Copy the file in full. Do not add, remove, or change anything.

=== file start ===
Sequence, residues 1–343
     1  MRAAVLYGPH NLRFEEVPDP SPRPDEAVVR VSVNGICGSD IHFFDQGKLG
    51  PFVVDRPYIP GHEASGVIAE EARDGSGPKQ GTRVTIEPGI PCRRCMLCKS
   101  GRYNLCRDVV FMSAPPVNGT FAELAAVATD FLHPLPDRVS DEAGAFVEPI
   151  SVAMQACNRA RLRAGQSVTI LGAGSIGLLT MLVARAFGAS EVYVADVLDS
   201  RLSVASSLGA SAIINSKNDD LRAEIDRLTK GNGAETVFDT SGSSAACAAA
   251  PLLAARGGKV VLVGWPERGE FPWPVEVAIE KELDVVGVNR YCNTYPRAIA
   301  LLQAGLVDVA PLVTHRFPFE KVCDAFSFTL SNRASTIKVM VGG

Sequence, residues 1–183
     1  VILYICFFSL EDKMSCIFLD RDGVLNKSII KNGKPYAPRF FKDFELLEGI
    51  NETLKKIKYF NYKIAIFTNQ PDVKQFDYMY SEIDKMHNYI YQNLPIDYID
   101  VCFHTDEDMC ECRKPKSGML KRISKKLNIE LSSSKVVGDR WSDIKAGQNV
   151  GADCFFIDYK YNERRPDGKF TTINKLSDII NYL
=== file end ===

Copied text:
Sequence, residues 1–343
     1  MRAAVLYGPH NLRFEEVPDP SPRPDEAVVR VSVNGICGSD IHFFDQGKLG
    51  PFVVDRPYIP GHEASGVIAE EARDGSGPKQ GTRVTIEPGI PCRRCMLCKS
   101  GRYNLCRDVV FMSAPPVNGT FAELAAVATD FLHPLPDRVS DEAGAFVEPI
   151  SVAMQACNRA RLRAGQSVTI LGAGSIGLLT MLVARAFGAS EVYVADVLDS
   201  RLSVASSLGA SAIINSKNDD LRAEIDRLTK GNGAETVFDT SGSSAACAAA
   251  PLLAARGGKV VLVGWPERGE FPWPVEVAIE KELDVVGVNR YCNTYPRAIA
   301  LLQAGLVDVA PLVTHRFPFE KVCDAFSFTL SNRASTIKVM VGG

Sequence, residues 1–183
     1  VILYICFFSL EDKMSCIFLD RDGVLNKSII KNGKPYAPRF FKDFELLEGI
    51  NETLKKIKYF NYKIAIFTNQ PDVKQFDYMY SEIDKMHNYI YQNLPIDYID
   101  VCFHTDEDMC ECRKPKSGML KRISKKLNIE LSSSKVVGDR WSDIKAGQNV
   151  GADCFFIDYK YNERRPDGKF TTINKLSDII NYL